# solution manual heat and mass transfer a practical approach 3rd edition cengel chapter 14

14-1

Chapter 14
MASS TRANSFER
Mass Transfer and Analogy between Heat and Mass Transfer
14-1C Bulk fluid flow refers to the transportation of a fluid on a macroscopic level from one location to
another in a flow section by a mover such as a fan or a pump. Mass flow requires the presence of two
regions at different chemical compositions, and it refers to the movement of a chemical species from a high
concentration region towards a lower concentration one relative to the other chemical species present in the
medium. Mass transfer cannot occur in a homogeneous medium.
14-2C The concentration of a commodity is defined as the amount of that commodity per unit volume. The
concentration gradient dC/dx is defined as the change in the concentration C of a commodity per unit
length in the direction of flow x. The diffusion rate of the commodity is expressed as
dC
Q& = − kdiff A
dx

where A is the area normal to the direction of flow and kdiff is the diffusion coefficient of the medium,
which is a measure of how fast a commodity diffuses in the medium.
14-3C Examples of different kinds of diffusion processes:
(a) Liquid-to-gas: A gallon of gasoline left in an open area will eventually evaporate and diffuse into air.

(b) Solid-to-liquid: A spoon of sugar in a cup of tea will eventually dissolve and move up.
(c) Solid-to gas: A moth ball left in a closet will sublimate and diffuse into the air.
(d) Gas-to-liquid: Air dissolves in water.
14-4C Although heat and mass can be converted to each other, there is no such a thing as “mass radiation”,
and mass transfer cannot be studied using the laws of radiation transfer. Mass transfer is analogous to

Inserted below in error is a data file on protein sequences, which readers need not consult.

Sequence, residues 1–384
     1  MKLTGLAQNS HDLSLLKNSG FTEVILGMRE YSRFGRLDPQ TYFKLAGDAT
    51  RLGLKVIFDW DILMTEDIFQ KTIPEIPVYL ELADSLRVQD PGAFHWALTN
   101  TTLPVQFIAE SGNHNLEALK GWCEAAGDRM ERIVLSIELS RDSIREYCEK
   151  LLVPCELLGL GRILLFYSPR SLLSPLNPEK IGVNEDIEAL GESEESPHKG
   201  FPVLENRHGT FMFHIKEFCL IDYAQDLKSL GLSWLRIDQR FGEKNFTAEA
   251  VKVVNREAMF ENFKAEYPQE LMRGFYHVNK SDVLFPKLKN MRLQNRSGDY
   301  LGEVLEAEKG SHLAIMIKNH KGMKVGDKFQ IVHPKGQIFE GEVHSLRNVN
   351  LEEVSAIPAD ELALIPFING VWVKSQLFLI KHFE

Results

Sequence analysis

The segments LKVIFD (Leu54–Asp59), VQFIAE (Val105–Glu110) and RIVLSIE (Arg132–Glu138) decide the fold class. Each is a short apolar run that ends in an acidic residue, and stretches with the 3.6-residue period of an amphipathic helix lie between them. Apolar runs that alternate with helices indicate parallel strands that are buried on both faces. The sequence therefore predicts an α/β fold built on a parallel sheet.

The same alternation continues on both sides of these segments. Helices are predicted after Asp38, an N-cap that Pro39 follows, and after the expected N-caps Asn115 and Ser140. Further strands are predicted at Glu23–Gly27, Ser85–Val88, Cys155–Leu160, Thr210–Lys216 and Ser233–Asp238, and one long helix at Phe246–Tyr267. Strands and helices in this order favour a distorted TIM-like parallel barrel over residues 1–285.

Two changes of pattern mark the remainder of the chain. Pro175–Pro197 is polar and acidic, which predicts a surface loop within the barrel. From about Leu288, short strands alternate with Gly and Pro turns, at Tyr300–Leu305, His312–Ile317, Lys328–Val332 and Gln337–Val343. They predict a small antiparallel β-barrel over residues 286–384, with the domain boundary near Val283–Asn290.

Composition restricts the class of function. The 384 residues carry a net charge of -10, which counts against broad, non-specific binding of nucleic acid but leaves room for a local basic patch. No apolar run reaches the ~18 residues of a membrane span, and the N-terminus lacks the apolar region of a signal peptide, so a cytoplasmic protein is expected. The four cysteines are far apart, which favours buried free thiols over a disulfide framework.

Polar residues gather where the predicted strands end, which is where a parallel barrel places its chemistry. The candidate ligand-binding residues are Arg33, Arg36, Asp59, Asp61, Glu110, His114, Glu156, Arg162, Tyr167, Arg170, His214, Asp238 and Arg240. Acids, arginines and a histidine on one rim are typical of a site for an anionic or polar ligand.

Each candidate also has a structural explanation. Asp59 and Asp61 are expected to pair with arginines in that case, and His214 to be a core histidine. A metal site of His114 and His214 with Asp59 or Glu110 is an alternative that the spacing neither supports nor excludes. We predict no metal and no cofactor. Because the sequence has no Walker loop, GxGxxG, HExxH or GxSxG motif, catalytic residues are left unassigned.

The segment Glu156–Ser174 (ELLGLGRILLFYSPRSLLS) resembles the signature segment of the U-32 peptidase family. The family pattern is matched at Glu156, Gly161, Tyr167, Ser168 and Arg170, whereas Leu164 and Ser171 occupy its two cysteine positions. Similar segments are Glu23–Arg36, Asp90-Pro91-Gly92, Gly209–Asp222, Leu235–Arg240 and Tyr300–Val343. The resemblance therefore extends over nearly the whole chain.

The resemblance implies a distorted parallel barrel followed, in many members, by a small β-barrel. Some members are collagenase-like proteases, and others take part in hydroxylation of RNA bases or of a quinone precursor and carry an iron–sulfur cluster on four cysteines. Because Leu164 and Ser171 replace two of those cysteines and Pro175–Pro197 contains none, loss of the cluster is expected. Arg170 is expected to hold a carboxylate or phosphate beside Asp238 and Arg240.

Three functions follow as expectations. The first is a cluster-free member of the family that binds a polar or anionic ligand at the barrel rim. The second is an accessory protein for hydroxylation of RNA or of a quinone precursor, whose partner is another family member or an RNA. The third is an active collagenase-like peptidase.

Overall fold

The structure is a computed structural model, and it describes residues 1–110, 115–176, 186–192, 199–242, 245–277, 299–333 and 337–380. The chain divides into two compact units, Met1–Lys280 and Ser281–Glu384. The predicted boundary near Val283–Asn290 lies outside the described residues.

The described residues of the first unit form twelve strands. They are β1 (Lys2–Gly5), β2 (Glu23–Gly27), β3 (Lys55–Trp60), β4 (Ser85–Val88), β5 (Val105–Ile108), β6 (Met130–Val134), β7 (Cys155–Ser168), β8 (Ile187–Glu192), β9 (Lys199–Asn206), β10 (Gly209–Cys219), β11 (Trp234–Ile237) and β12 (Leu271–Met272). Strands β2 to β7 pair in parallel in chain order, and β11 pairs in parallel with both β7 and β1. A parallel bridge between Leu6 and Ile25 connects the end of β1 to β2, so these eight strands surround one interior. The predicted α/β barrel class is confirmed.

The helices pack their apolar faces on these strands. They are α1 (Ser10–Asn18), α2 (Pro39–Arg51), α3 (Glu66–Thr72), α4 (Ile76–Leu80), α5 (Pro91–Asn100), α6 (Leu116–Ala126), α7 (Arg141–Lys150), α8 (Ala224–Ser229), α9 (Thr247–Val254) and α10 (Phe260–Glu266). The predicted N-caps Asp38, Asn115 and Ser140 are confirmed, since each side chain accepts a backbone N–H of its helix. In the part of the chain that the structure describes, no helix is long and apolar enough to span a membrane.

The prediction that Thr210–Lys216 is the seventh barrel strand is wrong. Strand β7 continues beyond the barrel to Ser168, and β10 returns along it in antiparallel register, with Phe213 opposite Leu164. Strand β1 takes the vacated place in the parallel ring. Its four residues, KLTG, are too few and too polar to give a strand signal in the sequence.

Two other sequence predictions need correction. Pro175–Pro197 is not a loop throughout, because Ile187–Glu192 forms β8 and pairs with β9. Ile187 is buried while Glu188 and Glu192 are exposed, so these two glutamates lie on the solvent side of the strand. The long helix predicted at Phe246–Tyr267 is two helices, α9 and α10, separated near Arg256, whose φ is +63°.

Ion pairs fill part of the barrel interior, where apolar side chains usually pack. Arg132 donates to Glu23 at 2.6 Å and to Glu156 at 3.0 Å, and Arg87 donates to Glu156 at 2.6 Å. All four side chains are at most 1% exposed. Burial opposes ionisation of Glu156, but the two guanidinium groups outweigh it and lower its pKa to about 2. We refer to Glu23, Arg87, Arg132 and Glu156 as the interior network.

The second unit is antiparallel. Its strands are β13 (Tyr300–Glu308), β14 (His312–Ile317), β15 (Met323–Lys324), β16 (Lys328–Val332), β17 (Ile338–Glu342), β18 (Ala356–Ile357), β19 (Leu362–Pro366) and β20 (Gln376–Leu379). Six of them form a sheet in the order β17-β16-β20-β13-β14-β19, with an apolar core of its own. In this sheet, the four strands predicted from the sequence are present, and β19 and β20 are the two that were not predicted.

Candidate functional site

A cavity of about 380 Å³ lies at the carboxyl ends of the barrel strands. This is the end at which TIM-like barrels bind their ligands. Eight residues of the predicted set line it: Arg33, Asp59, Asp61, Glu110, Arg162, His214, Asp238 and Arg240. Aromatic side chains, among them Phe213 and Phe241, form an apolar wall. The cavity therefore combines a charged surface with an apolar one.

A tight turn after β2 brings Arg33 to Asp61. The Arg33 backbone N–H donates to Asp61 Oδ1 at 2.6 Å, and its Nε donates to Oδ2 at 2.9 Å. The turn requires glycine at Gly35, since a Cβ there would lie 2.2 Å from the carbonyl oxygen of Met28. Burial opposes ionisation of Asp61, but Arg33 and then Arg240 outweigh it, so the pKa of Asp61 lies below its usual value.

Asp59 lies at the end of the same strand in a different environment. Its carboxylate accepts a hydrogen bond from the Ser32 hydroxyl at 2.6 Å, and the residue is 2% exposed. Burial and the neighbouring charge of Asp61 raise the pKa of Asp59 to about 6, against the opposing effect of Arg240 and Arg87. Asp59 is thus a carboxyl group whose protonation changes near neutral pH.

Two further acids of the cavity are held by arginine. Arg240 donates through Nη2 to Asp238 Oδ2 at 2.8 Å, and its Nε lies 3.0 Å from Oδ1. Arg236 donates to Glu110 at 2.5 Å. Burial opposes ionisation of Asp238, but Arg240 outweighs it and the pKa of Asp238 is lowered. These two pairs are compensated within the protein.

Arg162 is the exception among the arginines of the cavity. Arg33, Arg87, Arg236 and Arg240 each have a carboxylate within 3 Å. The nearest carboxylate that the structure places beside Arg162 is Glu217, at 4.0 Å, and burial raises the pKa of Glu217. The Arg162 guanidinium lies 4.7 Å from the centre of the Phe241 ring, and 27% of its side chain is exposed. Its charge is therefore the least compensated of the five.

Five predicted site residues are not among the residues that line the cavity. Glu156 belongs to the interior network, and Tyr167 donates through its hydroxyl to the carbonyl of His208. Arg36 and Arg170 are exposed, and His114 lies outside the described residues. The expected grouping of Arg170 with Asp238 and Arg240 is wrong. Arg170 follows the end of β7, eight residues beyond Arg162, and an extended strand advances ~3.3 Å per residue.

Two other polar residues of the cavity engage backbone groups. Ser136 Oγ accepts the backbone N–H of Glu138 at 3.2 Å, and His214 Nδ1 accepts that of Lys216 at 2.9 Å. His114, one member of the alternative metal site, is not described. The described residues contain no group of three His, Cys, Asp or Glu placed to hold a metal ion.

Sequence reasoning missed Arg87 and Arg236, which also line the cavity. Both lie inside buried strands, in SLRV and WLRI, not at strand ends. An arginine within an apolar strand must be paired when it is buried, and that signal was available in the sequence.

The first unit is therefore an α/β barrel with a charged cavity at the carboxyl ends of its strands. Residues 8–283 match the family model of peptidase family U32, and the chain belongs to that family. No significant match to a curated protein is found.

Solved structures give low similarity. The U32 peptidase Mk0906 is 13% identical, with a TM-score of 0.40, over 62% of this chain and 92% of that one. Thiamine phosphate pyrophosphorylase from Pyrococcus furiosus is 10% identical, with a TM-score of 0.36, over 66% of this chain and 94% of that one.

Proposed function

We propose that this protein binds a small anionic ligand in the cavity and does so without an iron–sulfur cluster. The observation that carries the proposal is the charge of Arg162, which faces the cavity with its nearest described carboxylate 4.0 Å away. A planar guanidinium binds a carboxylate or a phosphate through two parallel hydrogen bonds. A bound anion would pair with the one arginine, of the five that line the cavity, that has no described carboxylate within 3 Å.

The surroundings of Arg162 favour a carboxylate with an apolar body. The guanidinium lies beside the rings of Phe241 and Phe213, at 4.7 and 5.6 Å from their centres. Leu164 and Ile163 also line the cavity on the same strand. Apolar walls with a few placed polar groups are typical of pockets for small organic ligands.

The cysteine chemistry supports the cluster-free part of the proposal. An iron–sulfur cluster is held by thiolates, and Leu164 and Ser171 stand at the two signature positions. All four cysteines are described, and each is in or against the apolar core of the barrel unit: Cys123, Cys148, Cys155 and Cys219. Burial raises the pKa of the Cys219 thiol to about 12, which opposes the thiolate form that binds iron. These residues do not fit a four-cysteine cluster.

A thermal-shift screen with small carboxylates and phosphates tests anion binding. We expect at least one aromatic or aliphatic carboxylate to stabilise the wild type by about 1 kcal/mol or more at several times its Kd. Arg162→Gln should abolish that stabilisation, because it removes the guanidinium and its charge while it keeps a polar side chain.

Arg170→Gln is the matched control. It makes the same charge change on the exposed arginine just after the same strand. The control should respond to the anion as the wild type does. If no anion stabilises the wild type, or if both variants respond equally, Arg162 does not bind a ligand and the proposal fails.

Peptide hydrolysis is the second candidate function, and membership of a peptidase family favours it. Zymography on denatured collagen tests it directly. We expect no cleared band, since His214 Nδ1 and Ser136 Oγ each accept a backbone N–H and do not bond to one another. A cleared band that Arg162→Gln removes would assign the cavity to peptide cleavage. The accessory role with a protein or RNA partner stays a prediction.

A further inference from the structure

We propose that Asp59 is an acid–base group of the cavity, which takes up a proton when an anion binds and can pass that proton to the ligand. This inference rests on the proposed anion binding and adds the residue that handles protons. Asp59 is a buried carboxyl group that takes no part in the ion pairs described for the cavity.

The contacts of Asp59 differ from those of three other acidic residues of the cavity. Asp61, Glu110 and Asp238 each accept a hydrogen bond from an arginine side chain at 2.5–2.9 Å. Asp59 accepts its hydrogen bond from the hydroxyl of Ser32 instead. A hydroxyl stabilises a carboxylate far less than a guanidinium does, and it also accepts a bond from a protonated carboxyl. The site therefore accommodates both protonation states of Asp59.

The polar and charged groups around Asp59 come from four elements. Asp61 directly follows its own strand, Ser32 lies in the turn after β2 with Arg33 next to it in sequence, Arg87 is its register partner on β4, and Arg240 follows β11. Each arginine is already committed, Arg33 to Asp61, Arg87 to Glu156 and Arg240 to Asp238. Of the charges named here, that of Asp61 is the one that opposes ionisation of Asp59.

conduction, but it is not analogous to radiation.
14-5C (a) Temperature difference is the driving force for heat transfer, (b) voltage difference is the driving
force for electric current flow, and (c) concentration difference is the driving force for mass transfer.
14-6C (a) Homogenous reactions in mass transfer represent the generation of a species within the medium.
Such reactions are analogous to internal heat generation in heat transfer. (b) Heterogeneous reactions in
mass transfer represent the generation of a species at the surface as a result of chemical reactions occurring
at the surface. Such reactions are analogous to specified surface heat flux in heat transfer.

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14-2

Mass Diffusion
14-7C In the relation Q& = −kA(dT / dx) , the quantities Q& , k, A, and T represent the following in heat
conduction and mass diffusion:

Q& = Rate of heat transfer in heat conduction, and rate of mass transfer in mass diffusion.
k = Thermal conductivity in heat conduction, and mass diffusivity in mass diffusion.
A = Area normal to the direction of flow in both heat and mass transfer.
T = Temperature in heat conduction, and concentration in mass diffusion.
14-8C

(a) T

(b) F

(c) F

(d) T

(e) F

14-9C

(a) T

(b) F

(c) F

(d) T

(e) T

14-10C In the Fick’s law of diffusion relations expressed as m& diff, A = − ρADAB

dwA
and
dx

dy